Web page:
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Boeing delivers first 787 with flair | TECHNOLOGY News

September 26, 2011

Boeing workers hand-delivered – literally – the company’s first 787 Dreamliner in the pouring rain to All Nippon Airways, capping nearly a decade of development of the world’s most advanced jetliner.

The 500 Seattle workers, with help from a mechanical tug, hauled the carbon-composite plane about 100 yards to its Japanese buyers at a podium outside the planemaker’s mammoth Everett, Washington, production plant.

The hand-delivery was a vivid demonstration of the airplane’s lightweight structure, which promises 20% fuel savings for airlines, but also of the snail’s pace of production following numerous delays.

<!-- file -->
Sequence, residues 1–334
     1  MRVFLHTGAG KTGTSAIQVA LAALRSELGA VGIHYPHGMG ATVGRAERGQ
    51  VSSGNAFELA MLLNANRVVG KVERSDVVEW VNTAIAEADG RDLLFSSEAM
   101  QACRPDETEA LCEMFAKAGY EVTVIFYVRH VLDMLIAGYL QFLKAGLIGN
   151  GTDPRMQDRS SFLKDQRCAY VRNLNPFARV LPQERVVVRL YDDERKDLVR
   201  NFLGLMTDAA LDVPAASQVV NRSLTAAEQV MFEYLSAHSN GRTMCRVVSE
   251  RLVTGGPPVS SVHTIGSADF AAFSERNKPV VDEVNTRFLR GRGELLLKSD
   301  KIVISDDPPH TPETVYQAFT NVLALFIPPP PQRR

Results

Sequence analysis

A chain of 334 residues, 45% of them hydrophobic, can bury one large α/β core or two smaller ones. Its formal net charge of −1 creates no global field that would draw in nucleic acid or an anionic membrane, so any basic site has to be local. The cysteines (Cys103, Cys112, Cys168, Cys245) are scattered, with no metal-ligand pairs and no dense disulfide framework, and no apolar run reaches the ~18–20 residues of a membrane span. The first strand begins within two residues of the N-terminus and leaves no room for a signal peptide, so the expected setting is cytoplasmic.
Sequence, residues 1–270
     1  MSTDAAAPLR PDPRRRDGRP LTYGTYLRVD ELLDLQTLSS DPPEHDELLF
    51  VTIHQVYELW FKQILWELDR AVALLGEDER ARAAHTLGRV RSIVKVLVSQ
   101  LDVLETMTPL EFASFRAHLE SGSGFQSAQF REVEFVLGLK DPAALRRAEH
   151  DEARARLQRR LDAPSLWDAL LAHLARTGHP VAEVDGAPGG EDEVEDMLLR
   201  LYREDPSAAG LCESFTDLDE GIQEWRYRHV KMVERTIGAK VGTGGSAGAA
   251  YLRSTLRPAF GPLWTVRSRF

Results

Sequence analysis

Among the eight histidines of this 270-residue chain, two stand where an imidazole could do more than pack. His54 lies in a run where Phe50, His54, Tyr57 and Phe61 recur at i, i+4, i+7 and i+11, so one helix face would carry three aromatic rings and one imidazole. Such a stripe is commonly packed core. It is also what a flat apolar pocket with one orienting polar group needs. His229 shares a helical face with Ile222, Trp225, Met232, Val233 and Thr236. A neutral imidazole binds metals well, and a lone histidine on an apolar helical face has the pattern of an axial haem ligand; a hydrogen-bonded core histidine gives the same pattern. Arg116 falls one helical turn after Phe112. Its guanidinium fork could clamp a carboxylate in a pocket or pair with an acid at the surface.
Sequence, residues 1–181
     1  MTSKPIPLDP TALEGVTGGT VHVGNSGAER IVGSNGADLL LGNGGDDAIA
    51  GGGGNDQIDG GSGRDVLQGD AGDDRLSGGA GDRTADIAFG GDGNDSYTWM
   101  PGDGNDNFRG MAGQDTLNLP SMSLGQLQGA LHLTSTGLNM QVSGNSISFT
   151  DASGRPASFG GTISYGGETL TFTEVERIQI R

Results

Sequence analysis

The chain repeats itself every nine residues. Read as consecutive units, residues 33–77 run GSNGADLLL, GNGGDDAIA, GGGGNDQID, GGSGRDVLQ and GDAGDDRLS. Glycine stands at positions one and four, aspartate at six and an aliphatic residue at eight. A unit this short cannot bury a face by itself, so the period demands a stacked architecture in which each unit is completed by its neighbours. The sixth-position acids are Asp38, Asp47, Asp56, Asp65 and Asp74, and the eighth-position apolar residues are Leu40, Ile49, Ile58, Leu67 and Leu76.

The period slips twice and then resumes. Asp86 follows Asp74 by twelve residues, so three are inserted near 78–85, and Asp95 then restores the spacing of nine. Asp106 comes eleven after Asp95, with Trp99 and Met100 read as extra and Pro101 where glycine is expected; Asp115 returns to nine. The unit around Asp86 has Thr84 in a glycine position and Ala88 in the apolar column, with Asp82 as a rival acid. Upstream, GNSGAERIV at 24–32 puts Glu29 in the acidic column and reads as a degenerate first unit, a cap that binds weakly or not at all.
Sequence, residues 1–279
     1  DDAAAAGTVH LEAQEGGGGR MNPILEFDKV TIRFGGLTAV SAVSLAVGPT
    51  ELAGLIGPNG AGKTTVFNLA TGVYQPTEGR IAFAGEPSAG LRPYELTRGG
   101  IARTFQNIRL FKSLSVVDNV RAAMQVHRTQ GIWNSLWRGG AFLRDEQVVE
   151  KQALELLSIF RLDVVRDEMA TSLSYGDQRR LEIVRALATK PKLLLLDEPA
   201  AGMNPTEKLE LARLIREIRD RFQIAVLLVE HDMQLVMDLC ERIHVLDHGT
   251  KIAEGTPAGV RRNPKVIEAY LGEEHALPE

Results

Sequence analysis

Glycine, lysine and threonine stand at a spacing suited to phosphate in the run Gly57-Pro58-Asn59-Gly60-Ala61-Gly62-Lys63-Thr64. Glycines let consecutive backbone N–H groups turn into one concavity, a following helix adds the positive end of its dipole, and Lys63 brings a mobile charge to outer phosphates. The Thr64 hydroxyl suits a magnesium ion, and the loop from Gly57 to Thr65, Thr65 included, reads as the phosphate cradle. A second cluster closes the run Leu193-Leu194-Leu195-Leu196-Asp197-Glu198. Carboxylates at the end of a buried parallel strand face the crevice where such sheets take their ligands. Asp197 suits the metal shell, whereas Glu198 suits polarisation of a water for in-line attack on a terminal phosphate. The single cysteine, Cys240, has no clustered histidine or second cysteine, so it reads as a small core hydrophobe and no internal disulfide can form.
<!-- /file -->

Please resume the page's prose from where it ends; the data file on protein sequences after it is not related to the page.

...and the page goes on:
“The 787 represents a fundamental revolution, a transformational change in airplane design, manufacturing and performance benefits,” Boeing Chief Executive Jim McNerney told the assembled crowd of about 5,000 people huddled under umbrellas around the airplane.

“Embodied in this incredible machine are 95 years of Boeing aerospace know-how,” he said.

Boeing shares rose as much as 4.2% on Monday and were still up 2.7% at US$61.09 (NZ $78.3) in afternoon trading.

“I cannot wait to see the day when the skies of the world are filled with 787s,” said ANA President Shinichiro Ito.

Executives and workers repeatedly acknowledged the long, rocky road the Dreamliner has traveled.

The delivery ceremony was held at the planemaker’s Everett wide-body production facility, which is packed with undelivered aircraft in a sign of an inventory build-up pegged at more than US$16 billion (NZ$20.5 billion), sitting on the Boeing balance sheet.



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